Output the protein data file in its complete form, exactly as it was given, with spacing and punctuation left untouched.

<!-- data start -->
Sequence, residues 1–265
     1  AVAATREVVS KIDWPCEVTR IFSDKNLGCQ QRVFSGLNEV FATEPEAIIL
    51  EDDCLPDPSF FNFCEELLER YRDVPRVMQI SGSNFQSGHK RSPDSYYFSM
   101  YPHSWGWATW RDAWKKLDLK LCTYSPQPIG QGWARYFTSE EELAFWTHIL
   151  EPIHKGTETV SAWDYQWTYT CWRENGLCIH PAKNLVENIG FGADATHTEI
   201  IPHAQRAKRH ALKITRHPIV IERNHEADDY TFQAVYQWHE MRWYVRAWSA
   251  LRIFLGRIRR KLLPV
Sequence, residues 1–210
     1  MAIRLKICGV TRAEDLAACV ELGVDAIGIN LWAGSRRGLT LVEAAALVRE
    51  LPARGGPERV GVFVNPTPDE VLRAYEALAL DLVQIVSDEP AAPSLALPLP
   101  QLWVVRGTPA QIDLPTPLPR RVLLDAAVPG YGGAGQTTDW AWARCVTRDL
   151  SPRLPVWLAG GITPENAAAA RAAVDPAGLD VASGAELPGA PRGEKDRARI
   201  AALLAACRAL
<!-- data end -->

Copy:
Sequence, residues 1–265
     1  AVAATREVVS KIDWPCEVTR IFSDKNLGCQ QRVFSGLNEV FATEPEAIIL
    51  EDDCLPDPSF FNFCEELLER YRDVPRVMQI SGSNFQSGHK RSPDSYYFSM
   101  YPHSWGWATW RDAWKKLDLK LCTYSPQPIG QGWARYFTSE EELAFWTHIL
   151  EPIHKGTETV SAWDYQWTYT CWRENGLCIH PAKNLVENIG FGADATHTEI
   201  IPHAQRAKRH ALKITRHPIV IERNHEADDY TFQAVYQWHE MRWYVRAWSA
   251  LRIFLGRIRR KLLPV
Sequence, residues 1–210
     1  MAIRLKICGV TRAEDLAACV ELGVDAIGIN LWAGSRRGLT LVEAAALVRE
    51  LPARGGPERV GVFVNPTPDE VLRAYEALAL DLVQIVSDEP AAPSLALPLP
   101  QLWVVRGTPA QIDLPTPLPR RVLLDAAVPG YGGAGQTTDW AWARCVTRDL
   151  SPRLPVWLAG GITPENAAAA RAAVDPAGLD VASGAELPGA PRGEKDRARI
   201  AALLAACRAL